Family Business Boards: Interest Is High, but Founders Have Their Concerns
We see more family companies interested in corporate governance today than we did a decade ago, as shown in changes theyâve made to their boards. While some family companies have a board only to satisfy legal compliance requirements, more are moving toward the outer rings on the family business corporate governance model. Ultimately, owners will choose which level best suits the companyâs needs and when changing circumstances mean the companyâs governance should transition to another ring.
We recognize that governance at any family company will be determined almost exclusively by what the founder (or family members who control the company) wants. You may have a compliance board or an inner circle board â and those may be entirely appropriate for where your company is at present. Weâve seen numerous family companies that benefited greatly from moving toward the outer rings in the governance model, especially when anticipating a generational transition.
Itâs all well and good to talk about the value a board can bring, but itâs not unusual for founders to have concerns about adding individuals to their board who arenât either family members or close friends. Here are some of the common concerns and possible ways to address them.
1. I donât want to give up control: If youâre the controlling shareholder you still get final say, regardless of what your board might suggest. You can also draft your delegation of authority policy to preserve the decisions you want to take.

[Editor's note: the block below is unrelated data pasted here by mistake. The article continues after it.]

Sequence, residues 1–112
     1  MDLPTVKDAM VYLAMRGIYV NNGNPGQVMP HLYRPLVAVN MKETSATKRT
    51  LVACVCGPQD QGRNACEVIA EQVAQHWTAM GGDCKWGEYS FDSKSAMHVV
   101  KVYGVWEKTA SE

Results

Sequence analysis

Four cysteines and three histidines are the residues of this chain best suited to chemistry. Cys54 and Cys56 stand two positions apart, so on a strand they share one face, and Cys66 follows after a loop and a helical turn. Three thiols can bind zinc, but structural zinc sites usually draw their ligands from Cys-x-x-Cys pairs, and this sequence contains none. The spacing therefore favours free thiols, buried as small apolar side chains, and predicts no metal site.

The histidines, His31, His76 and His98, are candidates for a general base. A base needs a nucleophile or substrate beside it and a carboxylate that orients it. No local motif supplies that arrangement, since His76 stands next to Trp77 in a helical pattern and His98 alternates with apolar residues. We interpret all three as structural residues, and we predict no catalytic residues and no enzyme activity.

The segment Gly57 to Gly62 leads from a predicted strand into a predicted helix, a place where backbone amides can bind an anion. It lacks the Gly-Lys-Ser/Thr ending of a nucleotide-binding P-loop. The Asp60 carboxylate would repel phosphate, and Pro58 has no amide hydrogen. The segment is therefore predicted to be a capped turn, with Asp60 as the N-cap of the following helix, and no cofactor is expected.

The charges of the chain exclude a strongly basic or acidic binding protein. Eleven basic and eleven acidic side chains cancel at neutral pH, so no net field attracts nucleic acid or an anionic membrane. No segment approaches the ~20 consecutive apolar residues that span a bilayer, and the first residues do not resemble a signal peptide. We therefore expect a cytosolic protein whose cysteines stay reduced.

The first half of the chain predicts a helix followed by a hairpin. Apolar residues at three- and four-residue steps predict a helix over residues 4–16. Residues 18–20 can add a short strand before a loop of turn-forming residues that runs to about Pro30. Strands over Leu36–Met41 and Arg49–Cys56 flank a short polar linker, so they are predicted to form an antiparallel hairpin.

2. I donât want to share confidential information with outsiders: One way to avoid doing so is by having only insiders (family and management) on your board. If you choose to add other directors, you can remind them that theyâre expected to maintain confidentiality about the companyâs operations and results. You may consider reinforcing the expectation by having the directors periodically sign a nondisclosure agreement.
3. I have no time to go through the formalities of having a board: Having a board does require certain formalities â like preparing meeting agendas and materials, and recording minutes. And yes, these activities take time. Hopefully, your board is effective at bringing value so this time investment pays off. In some situations these formalities can prove valuable. For example, if at a future point in time some family members allege that the company is not being run properly, having copies of meeting materials and minutes can help demonstrate that there was appropriate board oversight.
4. Itâs expensive: Governance usually costs more as you formalize processes and add directors. If cash flow is a problem you could consider equity-like vehicles for director compensation. However you choose to compensate directors, you can assess whether they are bringing the value you need. If not, you can replace them.
Although itâs not a concern, per se, we also commonly hear from founders that they donât need a board because they already know whatâs right for their company. However, there could be a time when youâll face a new situation where you are less certain about which direction to take. An established board that understands your business may help you respond to such challenges with sound advice and perspective.
Catherine Bromilow is a partner, and John Morrow is a director, in PwCâs Center for Board Governance. This article is an excerpt from the Centerâs June 2014 report, âFamily Business Corporate Governance Series: What Is a Boardâs Role in a Family Business?â The report was produced in conjunction with PwCâs Private Company Services Practice. A copy of the full report is available at http://www.pwc.com/us/centerforboardgovernance.